Rectification of Errors at Their Root
Soul-searching…is much more than a simple accounting of profit and loss. Regardless of the kind of problem it deals with – moral, economic, or political – it is an overall reckoning, one that includes a pre-supposition of the possibility of a major, fundamental mistake.
There is a well-known fable about animals who decide to repent because their sins have brought disaster upon them. The wolf and the tiger confess that they prey on other creatures, and they are vindicated. After all, it is in their nature as predators to hunt and kill. All the animals confess their sins in turn, and all of them, for one reason or another, are exonerated. Finally, the sheep admits that she once ate the straw lining of her master’s boots; here, at last, is obviously the true cause of their suffering. All the animals fall upon the wicked sheep and devour it, and everything is in order again.
On the surface, the main point of this fable is to condemn the hypocrisy of people who ignore the sins of the strong and harp on those of the weak. Beyond this, however, there is a more basic and profound message. The animals conducted an accounting that assumes that the general situation may remain as it is. The wolf may keep on hunting, and the tiger may continue preying upon others. If this is the fundamental assumption, then the sin singled out for correction will always be trivial and no real change will be forthcoming.
True soul-searching is based on quite a different premise, one that assumes that the matters that we take for granted, the status quo and the general consensus, are the very things that require re-examination and reassessment.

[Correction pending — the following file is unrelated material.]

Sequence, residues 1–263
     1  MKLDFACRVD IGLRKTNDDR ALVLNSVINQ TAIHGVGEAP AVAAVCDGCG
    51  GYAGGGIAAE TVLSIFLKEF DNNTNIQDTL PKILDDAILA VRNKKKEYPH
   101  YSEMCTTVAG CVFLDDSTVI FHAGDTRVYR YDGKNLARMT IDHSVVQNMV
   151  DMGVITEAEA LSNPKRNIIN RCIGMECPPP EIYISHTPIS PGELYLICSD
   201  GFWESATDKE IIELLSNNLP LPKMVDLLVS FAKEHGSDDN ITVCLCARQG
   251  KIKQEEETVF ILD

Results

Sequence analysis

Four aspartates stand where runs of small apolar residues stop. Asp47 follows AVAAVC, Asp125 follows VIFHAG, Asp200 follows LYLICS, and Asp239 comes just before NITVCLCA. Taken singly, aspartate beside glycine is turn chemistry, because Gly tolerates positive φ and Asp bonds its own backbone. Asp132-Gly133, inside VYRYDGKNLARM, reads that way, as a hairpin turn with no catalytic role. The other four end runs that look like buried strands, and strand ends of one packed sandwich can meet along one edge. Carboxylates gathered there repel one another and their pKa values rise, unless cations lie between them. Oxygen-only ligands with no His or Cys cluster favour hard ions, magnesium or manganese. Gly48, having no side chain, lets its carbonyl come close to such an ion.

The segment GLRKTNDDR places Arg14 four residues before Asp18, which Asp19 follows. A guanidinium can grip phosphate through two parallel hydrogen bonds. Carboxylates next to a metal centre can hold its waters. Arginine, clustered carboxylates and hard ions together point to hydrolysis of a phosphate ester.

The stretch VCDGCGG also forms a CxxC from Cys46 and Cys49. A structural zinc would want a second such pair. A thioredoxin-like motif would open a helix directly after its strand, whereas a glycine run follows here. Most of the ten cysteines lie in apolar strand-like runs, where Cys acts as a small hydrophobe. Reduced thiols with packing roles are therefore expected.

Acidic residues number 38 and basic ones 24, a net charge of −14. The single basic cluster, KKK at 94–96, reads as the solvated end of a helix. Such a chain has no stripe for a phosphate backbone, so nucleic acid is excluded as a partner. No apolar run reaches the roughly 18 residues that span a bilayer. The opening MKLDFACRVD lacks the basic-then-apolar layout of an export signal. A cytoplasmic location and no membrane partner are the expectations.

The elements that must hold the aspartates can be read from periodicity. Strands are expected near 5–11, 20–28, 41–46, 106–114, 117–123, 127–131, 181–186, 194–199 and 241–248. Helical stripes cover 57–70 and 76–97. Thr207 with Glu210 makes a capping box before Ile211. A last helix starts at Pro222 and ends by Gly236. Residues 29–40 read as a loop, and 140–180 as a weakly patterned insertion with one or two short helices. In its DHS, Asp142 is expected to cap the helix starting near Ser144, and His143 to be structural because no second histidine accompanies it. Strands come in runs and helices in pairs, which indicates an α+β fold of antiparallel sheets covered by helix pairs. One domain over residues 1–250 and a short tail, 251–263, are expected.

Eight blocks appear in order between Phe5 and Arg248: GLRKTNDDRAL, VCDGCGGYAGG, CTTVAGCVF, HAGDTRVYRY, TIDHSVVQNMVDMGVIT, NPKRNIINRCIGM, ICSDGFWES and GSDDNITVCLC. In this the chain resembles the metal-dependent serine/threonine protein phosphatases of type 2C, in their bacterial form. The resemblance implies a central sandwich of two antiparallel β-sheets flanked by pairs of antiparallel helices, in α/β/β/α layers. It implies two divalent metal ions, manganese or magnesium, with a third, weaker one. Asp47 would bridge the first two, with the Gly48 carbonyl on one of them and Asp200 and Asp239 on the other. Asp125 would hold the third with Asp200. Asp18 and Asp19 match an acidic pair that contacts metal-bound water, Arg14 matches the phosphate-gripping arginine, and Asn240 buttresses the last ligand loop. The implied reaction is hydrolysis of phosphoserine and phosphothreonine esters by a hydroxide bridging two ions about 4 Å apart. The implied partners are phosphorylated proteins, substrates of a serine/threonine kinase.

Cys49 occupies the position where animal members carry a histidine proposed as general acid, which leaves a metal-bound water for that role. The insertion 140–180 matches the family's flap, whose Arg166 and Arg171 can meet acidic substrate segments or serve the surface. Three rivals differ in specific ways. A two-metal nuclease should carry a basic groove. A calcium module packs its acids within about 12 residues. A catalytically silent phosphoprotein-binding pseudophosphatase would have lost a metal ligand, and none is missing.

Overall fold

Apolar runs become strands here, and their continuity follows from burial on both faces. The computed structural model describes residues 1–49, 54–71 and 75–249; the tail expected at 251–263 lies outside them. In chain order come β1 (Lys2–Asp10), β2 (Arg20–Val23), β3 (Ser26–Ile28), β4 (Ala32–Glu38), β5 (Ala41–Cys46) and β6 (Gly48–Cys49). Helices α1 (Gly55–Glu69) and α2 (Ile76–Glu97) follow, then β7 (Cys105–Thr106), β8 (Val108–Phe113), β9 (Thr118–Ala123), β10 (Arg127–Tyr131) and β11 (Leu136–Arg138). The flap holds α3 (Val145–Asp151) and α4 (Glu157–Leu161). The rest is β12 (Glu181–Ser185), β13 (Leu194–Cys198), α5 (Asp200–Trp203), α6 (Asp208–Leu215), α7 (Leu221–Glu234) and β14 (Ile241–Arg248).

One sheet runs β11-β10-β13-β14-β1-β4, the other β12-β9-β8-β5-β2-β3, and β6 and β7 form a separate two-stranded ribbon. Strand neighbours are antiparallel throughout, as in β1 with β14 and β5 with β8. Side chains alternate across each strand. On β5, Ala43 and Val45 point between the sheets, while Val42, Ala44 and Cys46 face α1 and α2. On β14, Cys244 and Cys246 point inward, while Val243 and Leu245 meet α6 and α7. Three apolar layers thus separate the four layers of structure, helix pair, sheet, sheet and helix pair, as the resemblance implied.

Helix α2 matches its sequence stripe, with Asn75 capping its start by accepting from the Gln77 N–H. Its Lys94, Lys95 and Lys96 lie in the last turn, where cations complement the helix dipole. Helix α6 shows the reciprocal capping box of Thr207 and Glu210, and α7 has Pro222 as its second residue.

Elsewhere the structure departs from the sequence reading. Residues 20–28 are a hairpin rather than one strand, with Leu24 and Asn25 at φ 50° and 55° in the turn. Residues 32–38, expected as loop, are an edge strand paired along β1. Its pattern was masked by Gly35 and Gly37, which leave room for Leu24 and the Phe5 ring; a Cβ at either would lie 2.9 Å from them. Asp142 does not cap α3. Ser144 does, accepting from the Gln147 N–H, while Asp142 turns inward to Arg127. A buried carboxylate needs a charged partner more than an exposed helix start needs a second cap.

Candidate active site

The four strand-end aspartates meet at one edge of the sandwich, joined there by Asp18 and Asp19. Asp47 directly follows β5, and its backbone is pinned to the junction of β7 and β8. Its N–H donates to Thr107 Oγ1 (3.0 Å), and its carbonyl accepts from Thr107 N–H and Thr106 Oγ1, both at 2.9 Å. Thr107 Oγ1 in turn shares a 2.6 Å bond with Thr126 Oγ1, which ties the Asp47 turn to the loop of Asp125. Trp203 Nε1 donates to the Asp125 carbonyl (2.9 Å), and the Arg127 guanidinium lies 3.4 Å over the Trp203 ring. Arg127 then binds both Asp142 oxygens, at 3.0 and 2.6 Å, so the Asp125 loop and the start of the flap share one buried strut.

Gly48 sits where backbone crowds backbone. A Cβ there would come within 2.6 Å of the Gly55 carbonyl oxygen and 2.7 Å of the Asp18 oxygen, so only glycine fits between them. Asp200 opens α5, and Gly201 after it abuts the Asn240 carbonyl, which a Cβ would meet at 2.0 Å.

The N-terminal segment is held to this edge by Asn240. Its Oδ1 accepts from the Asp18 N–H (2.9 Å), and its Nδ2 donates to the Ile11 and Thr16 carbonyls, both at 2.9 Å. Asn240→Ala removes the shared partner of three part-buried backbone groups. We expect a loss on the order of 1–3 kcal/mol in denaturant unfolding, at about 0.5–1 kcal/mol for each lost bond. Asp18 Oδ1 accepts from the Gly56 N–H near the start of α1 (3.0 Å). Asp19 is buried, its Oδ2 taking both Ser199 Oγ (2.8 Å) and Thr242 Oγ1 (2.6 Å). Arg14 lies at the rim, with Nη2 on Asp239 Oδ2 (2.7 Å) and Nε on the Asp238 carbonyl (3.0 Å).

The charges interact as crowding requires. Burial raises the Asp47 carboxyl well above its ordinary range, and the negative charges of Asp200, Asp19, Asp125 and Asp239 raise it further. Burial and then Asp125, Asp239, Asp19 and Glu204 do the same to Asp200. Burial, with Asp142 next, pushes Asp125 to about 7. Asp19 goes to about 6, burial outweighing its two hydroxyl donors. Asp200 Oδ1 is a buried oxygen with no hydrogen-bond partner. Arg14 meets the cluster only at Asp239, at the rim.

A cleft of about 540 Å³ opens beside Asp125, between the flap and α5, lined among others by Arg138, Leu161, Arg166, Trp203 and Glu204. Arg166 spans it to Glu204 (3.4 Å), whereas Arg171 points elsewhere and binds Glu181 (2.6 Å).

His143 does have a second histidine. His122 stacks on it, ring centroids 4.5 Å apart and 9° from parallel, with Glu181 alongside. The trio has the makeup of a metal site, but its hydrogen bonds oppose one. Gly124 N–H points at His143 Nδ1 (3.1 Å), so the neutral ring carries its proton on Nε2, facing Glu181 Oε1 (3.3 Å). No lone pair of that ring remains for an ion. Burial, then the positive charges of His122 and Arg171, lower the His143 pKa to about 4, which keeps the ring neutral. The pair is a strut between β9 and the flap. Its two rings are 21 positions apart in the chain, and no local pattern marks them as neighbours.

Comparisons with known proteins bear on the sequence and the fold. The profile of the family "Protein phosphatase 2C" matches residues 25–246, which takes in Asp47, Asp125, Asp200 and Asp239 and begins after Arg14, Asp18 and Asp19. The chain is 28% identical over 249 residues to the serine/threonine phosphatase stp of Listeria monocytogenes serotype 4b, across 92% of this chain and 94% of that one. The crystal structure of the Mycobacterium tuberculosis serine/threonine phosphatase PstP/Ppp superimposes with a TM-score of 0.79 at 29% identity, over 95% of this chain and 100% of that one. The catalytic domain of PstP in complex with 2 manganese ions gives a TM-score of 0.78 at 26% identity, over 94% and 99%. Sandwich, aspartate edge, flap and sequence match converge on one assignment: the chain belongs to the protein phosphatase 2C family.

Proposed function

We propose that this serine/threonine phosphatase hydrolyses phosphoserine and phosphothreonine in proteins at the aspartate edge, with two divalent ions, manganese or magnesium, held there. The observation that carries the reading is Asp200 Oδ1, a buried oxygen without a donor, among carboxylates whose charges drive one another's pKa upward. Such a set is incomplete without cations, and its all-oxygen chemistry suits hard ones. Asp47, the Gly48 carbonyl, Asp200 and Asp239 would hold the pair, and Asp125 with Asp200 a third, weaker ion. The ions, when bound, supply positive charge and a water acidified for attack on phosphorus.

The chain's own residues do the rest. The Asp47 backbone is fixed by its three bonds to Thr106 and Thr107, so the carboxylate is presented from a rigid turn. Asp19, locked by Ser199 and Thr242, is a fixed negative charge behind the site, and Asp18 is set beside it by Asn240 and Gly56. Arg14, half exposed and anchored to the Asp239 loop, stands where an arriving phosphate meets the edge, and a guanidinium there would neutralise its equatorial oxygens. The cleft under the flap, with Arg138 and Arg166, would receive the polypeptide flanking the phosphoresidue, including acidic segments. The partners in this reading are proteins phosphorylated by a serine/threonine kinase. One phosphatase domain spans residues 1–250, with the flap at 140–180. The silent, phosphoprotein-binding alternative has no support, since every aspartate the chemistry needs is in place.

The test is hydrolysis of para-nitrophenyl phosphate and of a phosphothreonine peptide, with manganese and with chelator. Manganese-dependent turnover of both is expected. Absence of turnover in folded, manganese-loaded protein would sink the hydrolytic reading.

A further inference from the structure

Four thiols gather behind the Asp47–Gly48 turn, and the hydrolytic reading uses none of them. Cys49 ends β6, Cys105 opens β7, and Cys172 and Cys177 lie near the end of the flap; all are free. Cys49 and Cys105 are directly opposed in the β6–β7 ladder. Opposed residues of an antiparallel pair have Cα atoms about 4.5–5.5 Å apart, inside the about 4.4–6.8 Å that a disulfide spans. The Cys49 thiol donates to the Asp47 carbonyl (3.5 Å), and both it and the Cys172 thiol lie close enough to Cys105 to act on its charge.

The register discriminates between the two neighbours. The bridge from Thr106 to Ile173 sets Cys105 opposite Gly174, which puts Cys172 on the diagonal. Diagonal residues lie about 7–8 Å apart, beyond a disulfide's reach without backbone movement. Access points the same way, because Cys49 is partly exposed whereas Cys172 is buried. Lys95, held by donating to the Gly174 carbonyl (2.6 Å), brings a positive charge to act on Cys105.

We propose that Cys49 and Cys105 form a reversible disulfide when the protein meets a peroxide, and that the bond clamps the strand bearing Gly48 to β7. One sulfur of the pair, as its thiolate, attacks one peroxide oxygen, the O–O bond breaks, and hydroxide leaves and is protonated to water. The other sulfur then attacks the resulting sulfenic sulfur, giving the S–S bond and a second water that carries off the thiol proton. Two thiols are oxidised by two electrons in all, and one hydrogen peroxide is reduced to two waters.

In the Bible, this is expressed as follows: “They will then confess their sins and the sins of their fathers” (Leviticus 26:40). The same idea in a slightly different formula is contained in the introductory formula of the confession in the daily prayer book: “But we and our fathers have sinned.” The inclusion of our fathers in the confession is not accidental. It represents an attempt not only to examine things on the level of the immediate present, the here and now, but to penetrate to the roots of the matter.
An ancient error does not become more beautiful by virtue of its being ancient. On the contrary, its ancientness makes it more difficult for us to reveal.
The old excuse, “That’s how things have always been done,” or the no less common variation, “Everyone does it,” is no justification for error and sin. The story is told of a man who, standing before a Rabbi, defends himself with the excuse, “But everyone does it,” to which the Rabbi retorts, “Hell is big enough for everyone.”
This essay is adapted from the chapter, “Reckoning and Rectification” in the book Change and Renewal by Rabbi Adin Even-Israel Steinsaltz.